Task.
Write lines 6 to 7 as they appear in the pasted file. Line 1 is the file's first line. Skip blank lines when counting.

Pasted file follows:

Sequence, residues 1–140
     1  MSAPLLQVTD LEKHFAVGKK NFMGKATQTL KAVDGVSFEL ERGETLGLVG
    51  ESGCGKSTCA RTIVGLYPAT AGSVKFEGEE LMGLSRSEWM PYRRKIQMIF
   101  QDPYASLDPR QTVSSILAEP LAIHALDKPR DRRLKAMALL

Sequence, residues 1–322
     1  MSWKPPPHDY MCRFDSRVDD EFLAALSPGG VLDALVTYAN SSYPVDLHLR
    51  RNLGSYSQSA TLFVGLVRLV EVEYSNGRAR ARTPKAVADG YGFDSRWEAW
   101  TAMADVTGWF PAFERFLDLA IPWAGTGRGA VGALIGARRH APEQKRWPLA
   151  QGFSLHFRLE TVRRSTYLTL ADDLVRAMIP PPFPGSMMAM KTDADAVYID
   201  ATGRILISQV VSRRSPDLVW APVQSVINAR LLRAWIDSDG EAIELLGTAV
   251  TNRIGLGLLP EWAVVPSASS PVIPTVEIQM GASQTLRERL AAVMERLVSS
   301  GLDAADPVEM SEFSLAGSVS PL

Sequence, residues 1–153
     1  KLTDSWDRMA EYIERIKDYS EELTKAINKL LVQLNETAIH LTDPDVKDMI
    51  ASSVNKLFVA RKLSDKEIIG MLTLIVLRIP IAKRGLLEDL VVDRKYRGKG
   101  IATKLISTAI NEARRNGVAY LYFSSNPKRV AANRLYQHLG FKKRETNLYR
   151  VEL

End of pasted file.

     1  MSWKPPPHDY MCRFDSRVDD EFLAALSPGG VLDALVTYAN SSYPVDLHLR
    51  RNLGSYSQSA TLFVGLVRLV EVEYSNGRAR ARTPKAVADG YGFDSRWEAW